Invasion of the Body Snatchers ’78 is a lot more disgusting than the ’56 original, especially a scene where the group goes to sleep and while they are out, strategically placed pods begin birthing clones of the group. Between the gasping and gagging sound effects and the graphically evocative visuals, it is not only the most terrifying scene of Invasion of the Body Snatchers but also the one that will stick with you the longest of any scene in the film. The extended chase at the end, with the group of fugitives on the run from a conformist holocaust are wonderful, each route that offers hope ending in a dead end of roaring and silhouetted monsters. There is also a brief glimpse of a mutant dog, another highlight that will equally make you giggle and give you the willies. Yet it ends up being the frantic hopelessness that is what will make you a nervous wreck while watching this ageless remake. For fans of the original Invasion of the Body Snatchers, keep an eye out for cameos from the original’s director Don Siegel as a taxi driver and star Kevin McCarthy as a man screaming his famous lines from the original’s climax. Overall, I still prefer the original Cold War/post-World War II suburban conformity that gripped the original to this strictly conformist-terror reimagining. The feeling that our backs were against the wall was greater in the original to this much larger vision of identity loss. Still, there is a lot to admire in Invasion of the Body Snatchers ’78, and lots to scare the living daylights out of you too.
Invasion of the Body Snatchers 1978 is available on Blu-ray and DVD.
by Steve Habrat
Leave it to Canadian horror director David Cronenberg, the man called the “King of Venereal Horror”, to make a film about freakish asexual dwarfs who attack and kill people. Cronenberg, who is most known for the Jeff Goldblum and Geena Davis mutation gross-out The Fly, is basically an auteur of highbrow exploitation and body horror that eventually made transition into simply highbrow territory. The Brood is one of those highbrow body horror exploitation forays. The Brood is critical and certainly unkind to psychology and experimental science in the vilest ways possible. Cronenberg could be considered the ringleader of body horror, as he is a big fan of placing awful deformities on his actors, usually sexually suggestive in some way, shape, or form, an addition that usually sets his work apart from the rest of the horror pack. For those who are familiar with Cronenberg, The Brood is a bloody doom and gloom flick with a dark ending and a dead serious gaze that never breaks into a smile to laugh at itself.
Dr. Hal Raglan (Played by Oliver Reed) is an experimental psychotherapist who has created a technique called “psychoplasmics” which manifests traumatic memories on a patient’s body in the form of physiological changes. The changes depend on how severe the memories are. Raglan’s star patient is Nola Carveth (Played by Samantha Eggar), who is currently going through a messy separation from her husband Frank Carveth (Played by Art Hindle). Frank and Nola are also tangled up in a messy custody battle over their young daughter Candice (Played by Cindy Hinds). As Raglan treats Nola, he begins to discover how severely disturbed she is and as treatment goes on, her inner anger and rage manifests in small, dwarfish creatures that attack and kill those close to her. As Frank launches his own investigation into the mysterious deaths surrounding him, he learns how the creatures are being created and he discovers that Candice’s life is in danger if the experimental treatment is not stopped.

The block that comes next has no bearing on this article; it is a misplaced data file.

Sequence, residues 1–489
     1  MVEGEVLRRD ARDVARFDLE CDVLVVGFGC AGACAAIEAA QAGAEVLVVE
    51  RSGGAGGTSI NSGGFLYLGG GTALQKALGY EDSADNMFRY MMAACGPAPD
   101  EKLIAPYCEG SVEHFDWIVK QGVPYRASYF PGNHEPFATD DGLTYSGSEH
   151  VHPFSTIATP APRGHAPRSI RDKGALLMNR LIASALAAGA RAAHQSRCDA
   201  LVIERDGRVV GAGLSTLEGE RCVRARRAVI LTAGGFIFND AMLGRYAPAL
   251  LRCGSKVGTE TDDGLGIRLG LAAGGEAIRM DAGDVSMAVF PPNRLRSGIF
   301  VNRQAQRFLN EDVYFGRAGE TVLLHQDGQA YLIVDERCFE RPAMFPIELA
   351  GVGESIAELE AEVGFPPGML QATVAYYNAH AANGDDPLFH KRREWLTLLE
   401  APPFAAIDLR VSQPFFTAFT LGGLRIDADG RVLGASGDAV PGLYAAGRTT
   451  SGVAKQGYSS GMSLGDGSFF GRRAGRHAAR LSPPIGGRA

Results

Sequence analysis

Blending horror and science fiction, Cronenberg makes a slow building and icky creep-out that is not for the squeamish. Cronenberg has an eye for truly repugnant deformities, a talent I would have never thought I would be praising but Cronenberg does it better than anyone else. Even though The Brood is basically an exploitation film, it understands that there should be a brain in this grotesque creation. Though Cronenberg never outright suggests it, I’ve always found the architecture in his films, usually scientific institutions contrasting in a cold, natural settings to be a subtle commentary. The wooded setting usually engulfs these institutions, a subtle suggestion that perhaps a natural treatment is the answer to scientific gambles. I have noticed this in Scanners and Rabid but it seemed incredibly heavy-handed in The Brood. This choice also adds a surreal apocalyptic touch, always suggesting isolation and no true safe place to hide from the evil that has been unleashed. It’s this visual cue that separates The Brood from the rest of the exploitation horror pack. Cronenberg encourages us to work through our inner turmoil on our own without the help of an outside third party.
The Brood is not ashamed to feature expert acting from its leads. Everyone is convincing, a rarity in films of this sort and another reason why The Brood is much better than most films of this kind. The final showdown between Frank and Nola is hypnotic, a battle of words and pleas with just enough gore to satisfy those watching The Brood simply for that reason. You won’t be able to pull yourself away from the exchange and you’ll be frustrated when Cronenberg’s camera cuts to other scenes of action. The film also contains a restrained performance from Oliver Reed who never goes full baddie and adds a few layers of regret both in his scientific work and himself for what he has unleashed in Nola. Reed’s performance parallels the direction from Cronenberg himself who is never in a hurry to show us everything. I admire the way he makes the audience wait for the pay-off and, I admit, I never mind waiting for the freak show to emerge when I’m watching a Cronenberg film. He usually crams his frames full of gratifying acting from his leads and fascinating story lines.
The Brood features a wallop of a final shot that will majorly freak you out and that, my dear readers, is a promise from this horror buff. This is an otherworldly horror flick that won’t scare you right off the bat but rather have you thinking back to it long after you have seen it (I just love films like that if you can’t tell). I rank The Brood as one of Cronenberg’s finest cinematic efforts, sitting comfortably next to Rabid, Scanners, The Fly, and Eastern Promises. The film lacks a huge price tag, which I think adds to Cronenberg’s own temperance and actually aids the film in its rise to a crescendo of terror in the final frames. With a premise and monsters that could have been laughed off the screen in the first attack sequence, The Brood miraculously keeps its cool and shrouds itself in grotesque horror and perplexing mystery, revealing plot points at just the right time and meticulously planning its next move. To those on the prowl for a good horror film you have never seen, you can do much worse than The Brood.